FCS Playoffs a ‘Break Even’ Proposition for EWU
Hang on for a minute...we're trying to find some more stories you might like.
Email This Story
EWU football finished with an overall record of 12-2 on the year they advanced to the semifinals of the FCS playoffs and had two finalists for the Walter Payton award, along with six All-Americans.
With the accolades and three extra home games in the playoffs, one would think that the athletic department would make a little extra money. But, believe it or not, they do not.
When a team hosts a playoff game in the FCS, they have to go through a bid process in order to play the game at their venue. In order for the NCAA to keep the game as neutral as possible, it is not considered a home game but an NCAA event.
In the three playoff games at Roos Field, EWU could only use the NCAA game day graphics. They were not allowed to do the first down ‘caw’ or even the team’s pregame video.
“All the things that we put up on the video board are done through the NCAA in conjunction with our office,” said Chad Karthauser, associate athletic director for Business and Finance. “So, it really is about as neutral sided game as you can make it, it just happens to be on our home turf which is our home field advantage.”
The NCAA does not compensate FCS teams for having playoff success either. In fact, the only NCAA sport that compensates for playoff success is men’s basketball, Karthauser said. Because of the nature of the television deals NCAA has during March Madness, they have the budget to allow for compensation. For football, the NCAA does not reward for success because the marketability does not have the same effect.
Most of the revenue that comes in from the event has to go back to the NCAA via the bid process because there is a certain dollar amount that EWU has to send back to them. This year it was $40,000 for the second round, $50,000 for the quarter finals and $60,000 for the semifinals, Karthauser said.
“[That] means you have to have ticket revenue that comes in, and then all the expenses that go out, whatever the profit is from that, we need to guarantee them at least $60,000 to be able to do that,” Karthauser said.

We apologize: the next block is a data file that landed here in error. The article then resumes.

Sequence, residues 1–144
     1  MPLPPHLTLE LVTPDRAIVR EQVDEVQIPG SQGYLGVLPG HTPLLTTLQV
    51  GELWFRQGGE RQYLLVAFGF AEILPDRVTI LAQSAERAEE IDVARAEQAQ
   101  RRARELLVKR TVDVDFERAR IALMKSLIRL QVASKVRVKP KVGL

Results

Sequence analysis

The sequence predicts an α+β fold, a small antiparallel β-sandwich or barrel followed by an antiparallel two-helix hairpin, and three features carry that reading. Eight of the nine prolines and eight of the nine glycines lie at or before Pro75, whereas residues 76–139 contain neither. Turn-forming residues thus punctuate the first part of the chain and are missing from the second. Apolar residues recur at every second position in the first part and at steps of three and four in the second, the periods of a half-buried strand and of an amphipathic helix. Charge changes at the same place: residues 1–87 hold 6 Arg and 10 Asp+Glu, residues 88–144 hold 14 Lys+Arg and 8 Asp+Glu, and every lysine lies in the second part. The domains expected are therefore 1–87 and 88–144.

Additional to the bid, 85 percent of ticket revenue has to go back to the NCAA.
“It really is setup to be a break even proposition,” Athletic Director Bill Chaves said.
From a monetary perspective, the EWU Athletic Department typically does not profit from it and may even take a little bit of a loss. The trade off is that it is important for EWU to have three extra home games so the fans do not have to travel, Karthauser said.
From the standpoint of recruiting, it does not hurt to have potential recruits seeing the team advance in the playoffs through the Inferno.
“It adds three more Saturdays where crowds come in and businesses prosper in Cheney,” said Chaves. “It puts us on a national stage, and it gives Eastern an opportunity to be nationally visible.”
EWU has hosted playoff games in five of the last seven years. During those games, everyone sees the red turf while other teams, their fans, officials and announcers can experience EWU football and Cheney. The playoffs have helped the team’s fan base grow as well, Chaves said.
“If you look at true dollars and cents, we might lose a little bit of money on it but at the end of the day, I don’t know how much you can buy that national exposure you get from it,” Karthauser said.